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Art Nouveau

Art Nouveau

by Robert Schmutzler, translated by Edouard Roditi
Abrams, 322 pp., $25.00

It smells like a vicious Englishman, a Jewess addicted to morphine, a Belgian scoundrel, or a nice salad of these three poisons.” Arsène Alexandre’s sneer (Figaro, 1895) reveals that even at its height art nouveau was thought to be decadent, vulgar, immoral, and, worst of all, foreign. Each country disowned it. In England and America it was dubbed “art nouveau,” in France “modern style,” or “yachting style,” and in Italy “Liberty style” (after the London store). Only the Germans invented a word for it in their own language: “Jugendstil,” but they also nicknamed it “Bandwurmstil” (tapeworm style).

True, art nouveau does tend to be decadent, precious in style, and perverse in subject-matter—how else describe those androgynous figures slithering about in a Sargasso sea of hair? But out of the rottenness and slime grew much that was vigorous and good. As historians, notably Nikolaus Pevsner, have shown, the creators of art nouveau, such as Van de Velde, Mackintosh, Gaudi, and Behrens, were in many cases the founders of the modern movement. They were among the first to react against historicism, the first to send that deadweight, the Renaissance tradition, crashing downhill, and the first to experiment with the possibilities of abstractionism. In so doing they cleared a path for artists as different as Arp, Le Corbusier, Dali, Kandinsky, Munch, and Matisse.

Not only German art historians but museum curators and taste-makers, not to speak of antique dealers, the world over have now set out to rehabilitate this disreputable style. Hence the suspect modishness and the inevitable rise in prices; hence also the need for a comprehensive monograph, one with special emphasis on the roots which art nouveau had in the nineteenth century and the fruit it bore in the twentieth. Stephan Tschudi Madsen’s Sources of Art Nouveau (1956) was an enormously useful pioneer book—well written and well documented—but it confined the style in time and scope. However, it inspired John M. Jacobus to write an exhaustive and unusually constructive review (Art Bulletin, December, 1958) which indicated new lines of research and pointed out lacunae, for instance Madsen’s neglect (shared by the present author) of Italian developments.

With these and other contributions and a mass of source material to draw on, a serious historian like Dr. Schmutzler should have had little difficulty in compiling a definitive history of the movement. Alas, he has not heeded Jacobus’s admonishments nor taken full advantage of Madsen’s conscientiously laid foundations. Instead of presenting us with “the extended thematic development” that Jacobus rightly called for, Schmutzler has rehashed his doctoral thesis and served it up piecemeal, country by country, artist by artist. As well as being inappropriate to a subject as anomalous, confused, and changeable as art nouveau, this bitty approach prevents the author from setting the movement in an international context. The more is the pity, for the later history of art nouveau has to be charted through a series of international exhibitions—Paris in 1889 and 1900, Brussels in 1897, Turin in 1902, and Milan in 1906—which not only provided outlets and shop-windows for the style but were the chief means of its propagation and cross-fertilization.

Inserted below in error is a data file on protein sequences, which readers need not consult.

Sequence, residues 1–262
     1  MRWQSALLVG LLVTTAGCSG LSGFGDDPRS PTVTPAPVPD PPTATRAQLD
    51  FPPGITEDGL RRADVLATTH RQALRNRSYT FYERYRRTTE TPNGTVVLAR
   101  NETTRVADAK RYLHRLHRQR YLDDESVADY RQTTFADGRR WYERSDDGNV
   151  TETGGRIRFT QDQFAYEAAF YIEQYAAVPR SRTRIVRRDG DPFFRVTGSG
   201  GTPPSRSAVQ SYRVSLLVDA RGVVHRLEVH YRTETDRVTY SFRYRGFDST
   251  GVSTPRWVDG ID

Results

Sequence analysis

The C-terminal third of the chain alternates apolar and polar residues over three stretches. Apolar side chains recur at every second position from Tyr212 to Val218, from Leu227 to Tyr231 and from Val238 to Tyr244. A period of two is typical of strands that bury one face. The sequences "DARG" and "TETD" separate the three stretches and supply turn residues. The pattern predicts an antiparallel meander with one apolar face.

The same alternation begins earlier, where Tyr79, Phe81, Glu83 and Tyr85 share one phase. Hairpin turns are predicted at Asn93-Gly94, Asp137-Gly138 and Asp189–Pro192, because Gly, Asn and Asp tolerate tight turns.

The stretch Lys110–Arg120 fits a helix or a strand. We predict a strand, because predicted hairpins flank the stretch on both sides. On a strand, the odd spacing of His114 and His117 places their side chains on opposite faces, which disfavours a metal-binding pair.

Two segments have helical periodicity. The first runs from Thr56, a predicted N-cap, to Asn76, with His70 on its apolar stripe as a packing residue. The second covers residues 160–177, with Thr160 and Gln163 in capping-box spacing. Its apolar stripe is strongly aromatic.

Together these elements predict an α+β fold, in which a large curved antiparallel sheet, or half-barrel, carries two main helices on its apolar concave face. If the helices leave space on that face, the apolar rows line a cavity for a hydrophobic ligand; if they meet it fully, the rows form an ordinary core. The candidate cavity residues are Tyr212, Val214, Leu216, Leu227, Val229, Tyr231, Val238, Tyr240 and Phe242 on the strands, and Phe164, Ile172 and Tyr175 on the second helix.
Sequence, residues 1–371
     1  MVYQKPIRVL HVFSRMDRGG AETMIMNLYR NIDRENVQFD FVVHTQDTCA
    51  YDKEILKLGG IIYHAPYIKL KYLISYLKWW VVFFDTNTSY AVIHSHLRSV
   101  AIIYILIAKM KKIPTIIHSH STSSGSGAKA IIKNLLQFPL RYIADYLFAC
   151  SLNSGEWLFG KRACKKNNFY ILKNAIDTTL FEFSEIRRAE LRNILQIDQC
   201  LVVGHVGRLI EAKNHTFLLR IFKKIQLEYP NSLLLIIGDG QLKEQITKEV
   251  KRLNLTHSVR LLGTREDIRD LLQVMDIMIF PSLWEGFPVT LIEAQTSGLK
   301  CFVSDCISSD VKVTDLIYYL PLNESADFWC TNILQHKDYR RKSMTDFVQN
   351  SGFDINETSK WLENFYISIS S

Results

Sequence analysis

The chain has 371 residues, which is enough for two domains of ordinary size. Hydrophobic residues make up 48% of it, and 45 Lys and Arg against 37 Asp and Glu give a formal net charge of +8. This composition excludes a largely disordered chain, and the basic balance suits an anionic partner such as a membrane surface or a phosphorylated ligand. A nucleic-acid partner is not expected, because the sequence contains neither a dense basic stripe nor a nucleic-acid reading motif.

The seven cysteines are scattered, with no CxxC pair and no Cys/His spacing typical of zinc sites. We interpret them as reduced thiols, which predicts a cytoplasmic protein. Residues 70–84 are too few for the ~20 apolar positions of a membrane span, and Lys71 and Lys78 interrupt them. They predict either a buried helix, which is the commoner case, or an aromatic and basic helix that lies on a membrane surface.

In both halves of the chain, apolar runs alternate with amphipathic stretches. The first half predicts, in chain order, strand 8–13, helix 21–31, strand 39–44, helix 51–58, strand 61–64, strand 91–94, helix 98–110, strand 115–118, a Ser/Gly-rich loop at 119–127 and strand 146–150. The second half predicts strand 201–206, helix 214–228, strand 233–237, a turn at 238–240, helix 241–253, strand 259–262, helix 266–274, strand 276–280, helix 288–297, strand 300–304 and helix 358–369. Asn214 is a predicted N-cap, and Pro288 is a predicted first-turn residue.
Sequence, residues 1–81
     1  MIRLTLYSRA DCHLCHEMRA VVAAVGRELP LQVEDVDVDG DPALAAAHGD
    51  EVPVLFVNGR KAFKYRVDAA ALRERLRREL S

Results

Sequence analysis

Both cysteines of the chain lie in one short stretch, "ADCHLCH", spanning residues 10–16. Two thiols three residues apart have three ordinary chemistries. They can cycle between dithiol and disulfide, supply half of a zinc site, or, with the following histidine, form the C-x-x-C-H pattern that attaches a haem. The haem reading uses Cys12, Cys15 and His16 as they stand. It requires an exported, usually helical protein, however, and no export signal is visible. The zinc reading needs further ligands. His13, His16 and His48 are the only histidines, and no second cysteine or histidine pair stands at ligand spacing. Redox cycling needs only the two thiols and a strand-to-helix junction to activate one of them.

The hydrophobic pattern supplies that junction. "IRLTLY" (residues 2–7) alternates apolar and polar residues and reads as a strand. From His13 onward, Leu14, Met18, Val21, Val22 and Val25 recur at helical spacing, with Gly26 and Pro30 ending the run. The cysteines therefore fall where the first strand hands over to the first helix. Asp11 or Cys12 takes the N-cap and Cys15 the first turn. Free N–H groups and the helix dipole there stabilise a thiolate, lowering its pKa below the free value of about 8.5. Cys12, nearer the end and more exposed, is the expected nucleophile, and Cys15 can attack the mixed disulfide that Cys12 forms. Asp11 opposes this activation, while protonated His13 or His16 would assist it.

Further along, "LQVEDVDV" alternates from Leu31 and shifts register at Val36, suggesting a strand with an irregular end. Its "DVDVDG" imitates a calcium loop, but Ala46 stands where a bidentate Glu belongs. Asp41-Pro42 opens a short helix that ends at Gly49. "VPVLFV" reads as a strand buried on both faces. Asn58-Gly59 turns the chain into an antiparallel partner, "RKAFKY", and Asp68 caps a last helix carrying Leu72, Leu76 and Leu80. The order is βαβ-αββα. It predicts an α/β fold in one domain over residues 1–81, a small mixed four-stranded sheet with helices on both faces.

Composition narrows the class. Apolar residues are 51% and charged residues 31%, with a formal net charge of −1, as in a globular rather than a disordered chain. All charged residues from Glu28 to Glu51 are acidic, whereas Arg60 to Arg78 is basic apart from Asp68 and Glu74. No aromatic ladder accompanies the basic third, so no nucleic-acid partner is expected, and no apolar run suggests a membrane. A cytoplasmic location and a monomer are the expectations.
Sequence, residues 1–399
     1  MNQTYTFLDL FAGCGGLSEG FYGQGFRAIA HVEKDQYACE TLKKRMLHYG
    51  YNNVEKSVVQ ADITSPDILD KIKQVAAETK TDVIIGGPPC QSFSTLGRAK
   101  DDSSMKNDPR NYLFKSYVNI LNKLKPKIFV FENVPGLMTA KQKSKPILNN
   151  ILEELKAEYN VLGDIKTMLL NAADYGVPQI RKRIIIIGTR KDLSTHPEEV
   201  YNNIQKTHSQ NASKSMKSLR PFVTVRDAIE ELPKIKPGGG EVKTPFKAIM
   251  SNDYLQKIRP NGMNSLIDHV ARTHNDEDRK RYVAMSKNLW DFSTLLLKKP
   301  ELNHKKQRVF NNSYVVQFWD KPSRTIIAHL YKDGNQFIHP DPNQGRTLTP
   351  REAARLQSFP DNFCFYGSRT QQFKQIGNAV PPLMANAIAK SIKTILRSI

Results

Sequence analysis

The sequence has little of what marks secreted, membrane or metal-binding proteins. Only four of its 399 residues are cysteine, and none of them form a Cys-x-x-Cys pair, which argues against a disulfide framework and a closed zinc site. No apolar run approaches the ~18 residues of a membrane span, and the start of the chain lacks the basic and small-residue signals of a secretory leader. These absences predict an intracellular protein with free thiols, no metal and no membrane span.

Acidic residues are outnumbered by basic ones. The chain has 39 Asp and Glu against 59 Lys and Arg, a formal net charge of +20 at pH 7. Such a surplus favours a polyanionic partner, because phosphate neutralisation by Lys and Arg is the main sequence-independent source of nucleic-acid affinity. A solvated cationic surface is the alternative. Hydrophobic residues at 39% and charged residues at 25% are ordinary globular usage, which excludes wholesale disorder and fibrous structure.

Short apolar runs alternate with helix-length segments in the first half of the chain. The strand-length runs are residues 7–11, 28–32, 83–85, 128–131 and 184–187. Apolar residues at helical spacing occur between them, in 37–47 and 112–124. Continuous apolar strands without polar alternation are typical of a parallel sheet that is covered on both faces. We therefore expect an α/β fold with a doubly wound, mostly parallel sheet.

Schmutzler passes over this crucial issue and most of these exhibitions in silence. Instead he devotes a third of his book to the antecedents of art nouveau. Its lineage is traced back through the Rococo (no mention of Meissonnier, most art-nouveau of rococo designers) and Mannerism, to Celtic art and finally Minoan Crete. He then concentrates on the immediate forbears, almost all of whom turn out to be English: William Blake, Samuel Palmer, the Pre-Raphaelites, William Morris, Kate Greenaway, Philip Webb, and others. Occasionally what Schmutzler says—particularly about his stalking-horse, William Blake—is eye-opening. But he throws the history of nineteenth-century art out of kilter when he calls Blake “Proto-Art Nouveau” and the Pre-Raphaelites “Early Art Nouveau.” Why, one wonders, does he then agree with most other historians that the style first manifested itself in London, in or about 1880, in the sinuous designs of Arthur Mackmurdo?

For all their historical interest, the English pioneers tended to be austere or arty—Schmutzler calls them “gentlemanly” and “addicted to understatement.” In Belgium, where the chameleon-like style next materialized, it was very different: robust, ornate, and three-dimensional.